Consider the recent sale of Anheuser-Busch (the St. Louis company that brews Budweiser) to InBev (the Belgian company that brews Becks). InBev paid $52 billion for the purchase. But the assets of Anheuser-Busch, all totaled up, were only $17.6 billion.
In other words, for $17.6 billion, InBev could have purchased enough brewing vats and bottling machines and trucks and desks and computers and paper clips and Clydesdales to completely duplicate Anheuser-Busch. So what did they get for the extra $34.8 billion?
That's the one thing InBev could not duplicate. And it was worth more than everything else put together.
The same may be true of your company. Look. Your competitors are smart folks. They could carry the same lines, match your price and offer the same terms. They could rent the building across the street and even steal your employees. But they can't steal your most valuable asset - your brand.
Treat your brand like any other asset
To keep your building from losing value, you pay attention to it. You walk around and inspect it from time to time. You take note of things that need fixing and fix them.
Do the same thing with your brand.
Corporations with multi-billion dollar brands spend a lot of money to survey the condition of their brand. You can do the same thing without spending a lot of money. All it takes is a little time and a bit of humility.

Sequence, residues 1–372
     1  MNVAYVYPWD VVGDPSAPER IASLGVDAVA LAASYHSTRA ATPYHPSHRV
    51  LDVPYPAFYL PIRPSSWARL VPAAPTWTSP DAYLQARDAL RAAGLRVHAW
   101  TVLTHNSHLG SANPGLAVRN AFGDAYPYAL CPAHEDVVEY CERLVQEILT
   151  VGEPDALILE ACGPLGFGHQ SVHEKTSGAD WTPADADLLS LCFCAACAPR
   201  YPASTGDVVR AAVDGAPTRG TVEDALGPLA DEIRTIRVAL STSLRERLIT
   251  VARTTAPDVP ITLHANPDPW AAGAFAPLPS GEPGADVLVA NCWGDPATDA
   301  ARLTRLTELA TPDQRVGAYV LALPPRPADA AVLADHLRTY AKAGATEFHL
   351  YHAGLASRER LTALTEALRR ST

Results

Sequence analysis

If you're smart enough to run your own business, then you're smart enough to analyze your own brand. The survey on the following page will help you to evaluate the basic condition of your brand, but you'll have to set your ego aside and be brutally honest with yourself. After you answer these questions, it might help to have a co-worker or two do the same thing and then compare notes.
If there are additional concerns unique to your market area or type of business, add them yourself. While you're at it, you might want to indicate trends. After you circle a number for each item, draw an "up" arrow if you think you're getting better in this area. Draw a down arrow if you think you're slipping. Draw a horizontal line if you think your performance in this area is remaining unchanged.
If you want to make this little mini-survey stronger, ask a couple of other people to fill it out. Then get together and discuss your answers. (If you want to be really bold, invite a customer or two to join discussion.)
It also helps to have some idea of where you stand in the local marketplace. So ask yourself a couple more questions:
1. What is my position in my marketplace compared to my competition? (First Place? Second Place? Third Place?)
2. What percentage of my market is aware of my brand? The issue here is awareness. Does the market know who you are?
None of this is rocket science. You're trying to figure out what kind of name and reputation you have in your marketplace. Your name and reputation are your brand.
Now, step back and look at the results. Hopefully, you've been able to identify where your strengths and weaknesses lie. (If you haven't found any weaknesses, you're not trying hard enough.)
Now get to work
Your strengths are important. They probably explain whatever success you've had over the years. So protect and nurture them, and grow them if you can.
Are any of your strengths really unique to you? If they are, you may be sitting on a gold mine.
Years ago, Honda decided that they were going to make the best engines in the world. So they focused. And they succeeded. Today, from lawn mowers to race cars, they make some of the finest engines in the world. That's how to build a reputation.